• The Capitol has joined the Brattle, the Coolidge, The Lexington Venue, and West Newton in also offering private rentals for small-size groups, with information on their websites (which often include other fundraising links) or by contacting them directly. The Coolidge has online booking through the 30th and the Brattle currently shows all available slots as filled.
Plenty of good reason to stay in, but I may try to catch the Netflix stuff at the Kendall; The Kid Detective and Lupin III are tempting as well. And as always, if you haven't yet, go to Save Your Cinema to send a letter to your Congresspeople.

Thursday, October 15, 2020

Leap

Obligatory eerily-empty multiplex picture:

The fact that all those mini-marquees just say "AMC Theatres" rather than the film playing and its showtime doesn't mean that they're empty; the place at Boston Common has just been doing that for the past year or so. It's kind of annoying, especially since the app doesn't have the big number on it the way a printed ticket stub does (seriously, movie ticketing apps: put the screen number and seat assignment in big, easy-to read characters), but it's not like it's ever kept me from finding my theater, so probably no big deal. I just kind of wonder why. Were so many people theater-hopping that management figured this would make it a little harder so they might as well?

Anyway, I was alone in theater #12, which probably means that the demand from Chinatown has tapered off and that's why it leaves town after tonight. Pretty good three-week run, though, especially since it seems like the Chinese equivalent of New Mutants - the movie that opened up a week before the really big entries to sort of prime the pump and maybe let theaters see if people would come back. Especially when you consider that it was probably also originally keyed to release right around the Olympics. You've got a couple hours to reserve a ticket, because who knows if this kinda-decent movie will make its way to US television screens anytime soon.

Duo Guan (Leap)

* * ¼ (out of four)
Seen 14 October 2020 in AMC Boston Common #12 (first-run, DCP)

Sports movies have the same problem as sports broadcasting in a lot of ways - particularly, in how both too much desire to make the results a reflection of one's chosen narrative and too much worship of the tough-love coach. Pair that up with a story meant to get the audience waving flags, and you can wind up with something deceptive and even damaging to young athletes looking for heroes. There are moments in Leap when the filmmakers seem very well aware of these shackles, even if they can't quite see their way from escaping them entirely. And it's not like they have to, because most sports stories worth telling have a great final stretch built-in.

This one opens at the 2008 Beijing Olympics, where two juggernauts in the sport of women's volleyball - the People's Republic of China and the United States - will face off, with there being a little extra excitement because Team USA coach Lang Ping (Gong Li), known as "The Iron Hammer", is a Chinese sports icon and longtime friends with China's coach Chen Zhonghe (Huang Bo). The two are longtime friends, going back to 1979, when Lang Ping (Lydia Bai Lang) was an 18-year-old newly-recruited to the national team - though coach Yuan Weimin (Wu Gang) won't let her actually practice with a ball until she builds up her strength - and Chen (Peng Yuchang) is a former player just brought on as a "hitting partner" to help mimic the play of specific opponents.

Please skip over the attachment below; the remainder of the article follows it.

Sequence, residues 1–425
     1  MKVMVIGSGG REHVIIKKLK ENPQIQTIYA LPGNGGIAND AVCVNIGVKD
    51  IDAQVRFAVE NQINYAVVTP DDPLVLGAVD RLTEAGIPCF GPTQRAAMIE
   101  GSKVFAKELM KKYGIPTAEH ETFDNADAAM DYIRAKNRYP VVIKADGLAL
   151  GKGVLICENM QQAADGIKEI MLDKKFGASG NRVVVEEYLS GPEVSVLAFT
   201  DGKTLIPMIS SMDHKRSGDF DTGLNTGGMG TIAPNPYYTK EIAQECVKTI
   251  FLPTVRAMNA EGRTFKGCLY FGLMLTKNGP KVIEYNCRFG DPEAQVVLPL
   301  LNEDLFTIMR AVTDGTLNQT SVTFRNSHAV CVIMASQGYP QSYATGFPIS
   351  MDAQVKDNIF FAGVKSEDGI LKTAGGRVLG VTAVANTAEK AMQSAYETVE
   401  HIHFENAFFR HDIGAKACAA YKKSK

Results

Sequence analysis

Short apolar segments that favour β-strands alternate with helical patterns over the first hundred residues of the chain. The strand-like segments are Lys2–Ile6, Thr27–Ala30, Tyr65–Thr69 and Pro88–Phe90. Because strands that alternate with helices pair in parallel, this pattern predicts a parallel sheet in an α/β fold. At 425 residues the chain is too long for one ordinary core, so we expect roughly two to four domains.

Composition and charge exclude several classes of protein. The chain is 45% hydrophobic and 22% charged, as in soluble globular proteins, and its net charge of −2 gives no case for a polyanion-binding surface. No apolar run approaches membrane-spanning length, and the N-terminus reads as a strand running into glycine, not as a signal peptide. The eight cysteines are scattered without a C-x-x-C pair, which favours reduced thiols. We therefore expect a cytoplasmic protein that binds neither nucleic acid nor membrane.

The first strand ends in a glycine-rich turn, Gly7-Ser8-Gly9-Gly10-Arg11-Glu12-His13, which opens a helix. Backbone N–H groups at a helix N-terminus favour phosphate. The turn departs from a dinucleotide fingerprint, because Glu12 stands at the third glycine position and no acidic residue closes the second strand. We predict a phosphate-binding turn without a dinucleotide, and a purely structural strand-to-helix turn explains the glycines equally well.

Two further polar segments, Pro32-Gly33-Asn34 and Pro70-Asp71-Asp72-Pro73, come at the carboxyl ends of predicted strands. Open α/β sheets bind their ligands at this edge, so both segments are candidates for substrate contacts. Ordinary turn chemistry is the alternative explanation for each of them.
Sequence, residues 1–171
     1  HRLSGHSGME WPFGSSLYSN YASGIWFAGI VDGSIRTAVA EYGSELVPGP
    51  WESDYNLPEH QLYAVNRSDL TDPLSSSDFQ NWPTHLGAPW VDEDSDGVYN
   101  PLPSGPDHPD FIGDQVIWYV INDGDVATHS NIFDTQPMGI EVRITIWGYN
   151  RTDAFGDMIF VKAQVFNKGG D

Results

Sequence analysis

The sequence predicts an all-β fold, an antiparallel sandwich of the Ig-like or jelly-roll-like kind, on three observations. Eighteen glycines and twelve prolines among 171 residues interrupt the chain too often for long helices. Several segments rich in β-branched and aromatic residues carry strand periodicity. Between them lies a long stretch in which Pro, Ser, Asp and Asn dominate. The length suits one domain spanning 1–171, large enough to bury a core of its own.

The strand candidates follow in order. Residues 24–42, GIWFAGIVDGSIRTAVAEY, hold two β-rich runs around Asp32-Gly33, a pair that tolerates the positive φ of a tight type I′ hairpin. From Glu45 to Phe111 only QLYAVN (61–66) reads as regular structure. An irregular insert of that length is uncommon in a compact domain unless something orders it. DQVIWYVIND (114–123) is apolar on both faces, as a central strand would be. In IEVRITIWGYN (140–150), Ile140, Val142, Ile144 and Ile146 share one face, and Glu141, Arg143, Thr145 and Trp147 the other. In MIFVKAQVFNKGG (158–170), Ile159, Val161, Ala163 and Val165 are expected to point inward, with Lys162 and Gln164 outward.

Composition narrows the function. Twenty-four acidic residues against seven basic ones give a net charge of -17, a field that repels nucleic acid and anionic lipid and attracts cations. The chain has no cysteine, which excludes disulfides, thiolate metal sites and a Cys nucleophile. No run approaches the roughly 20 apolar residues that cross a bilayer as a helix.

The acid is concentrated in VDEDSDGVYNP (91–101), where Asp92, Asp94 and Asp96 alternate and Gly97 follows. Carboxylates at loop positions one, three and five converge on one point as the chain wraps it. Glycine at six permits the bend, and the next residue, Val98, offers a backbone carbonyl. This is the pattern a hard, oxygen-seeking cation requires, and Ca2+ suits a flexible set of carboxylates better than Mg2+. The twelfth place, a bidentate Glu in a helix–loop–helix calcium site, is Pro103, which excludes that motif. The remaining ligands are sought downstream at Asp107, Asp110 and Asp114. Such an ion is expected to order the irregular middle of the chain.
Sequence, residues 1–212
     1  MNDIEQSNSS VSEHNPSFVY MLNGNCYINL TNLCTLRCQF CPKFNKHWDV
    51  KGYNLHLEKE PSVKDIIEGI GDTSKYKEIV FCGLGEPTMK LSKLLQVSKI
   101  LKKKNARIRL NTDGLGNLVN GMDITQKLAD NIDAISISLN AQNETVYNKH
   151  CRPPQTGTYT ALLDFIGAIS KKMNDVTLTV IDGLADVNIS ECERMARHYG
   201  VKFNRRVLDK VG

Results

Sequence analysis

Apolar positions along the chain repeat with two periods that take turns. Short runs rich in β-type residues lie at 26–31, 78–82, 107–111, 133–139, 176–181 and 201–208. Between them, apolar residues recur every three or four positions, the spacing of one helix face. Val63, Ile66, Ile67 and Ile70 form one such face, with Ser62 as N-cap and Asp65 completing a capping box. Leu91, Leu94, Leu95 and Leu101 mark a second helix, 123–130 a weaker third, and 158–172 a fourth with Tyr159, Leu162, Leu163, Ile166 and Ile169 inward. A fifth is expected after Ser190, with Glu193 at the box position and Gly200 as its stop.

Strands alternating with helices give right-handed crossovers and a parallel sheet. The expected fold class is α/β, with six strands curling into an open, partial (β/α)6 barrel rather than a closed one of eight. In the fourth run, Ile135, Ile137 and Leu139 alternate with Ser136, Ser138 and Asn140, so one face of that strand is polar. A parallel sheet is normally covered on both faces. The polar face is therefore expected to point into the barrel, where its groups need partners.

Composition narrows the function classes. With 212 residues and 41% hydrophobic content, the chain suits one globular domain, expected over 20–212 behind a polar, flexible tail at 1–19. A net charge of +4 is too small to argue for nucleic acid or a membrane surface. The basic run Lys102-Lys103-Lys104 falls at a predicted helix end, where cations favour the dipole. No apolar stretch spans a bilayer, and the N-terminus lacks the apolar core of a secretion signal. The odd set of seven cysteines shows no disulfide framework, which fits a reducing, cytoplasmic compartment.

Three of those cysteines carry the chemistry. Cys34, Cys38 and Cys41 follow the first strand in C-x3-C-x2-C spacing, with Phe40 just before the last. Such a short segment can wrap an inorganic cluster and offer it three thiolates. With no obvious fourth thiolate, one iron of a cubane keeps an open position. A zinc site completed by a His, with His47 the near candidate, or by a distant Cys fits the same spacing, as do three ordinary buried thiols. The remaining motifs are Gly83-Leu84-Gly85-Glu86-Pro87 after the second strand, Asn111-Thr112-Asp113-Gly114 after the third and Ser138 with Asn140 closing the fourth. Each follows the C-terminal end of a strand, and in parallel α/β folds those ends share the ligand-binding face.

The first half of the film is an often-impressive-looking slog, as director Peter Chan Ho-Sun and writer Zhang Ji follow the patriotic sports story template almost to a fault, with the harsh coach, the unrefined athlete who needs to work harder than everyone else, the timely injury that gives that newcomer a chance to shine, and the opposite-sex supporting character whom one would probably surmise was a love interest if the movie ended with the 1981 World Cup. It's utterly predictable even if one doesn't know the outcome and even if Chan doesn't drench it in nationalist posturing as thoroughly as some might - there's a bit of a wink to how the propaganda posters that show up in the background influence the style where he could be unironically sincere about it. There's been enough money spent that the period details look great, both in terms of bright 1980s colors and how the Japanese team they face in the finals all seem to have nicer uniforms and hairstyles to highlight China's attempt to be taken seriously. It doesn't necessarily help that while Lang Ping's real-life daughter Lydia is a fine athlete in her own right, she's clearly a first-time actress and doesn't click as playing the same person as Gong Li in the same way that Peng Yuchang does in sharing the same role as Huang Bo.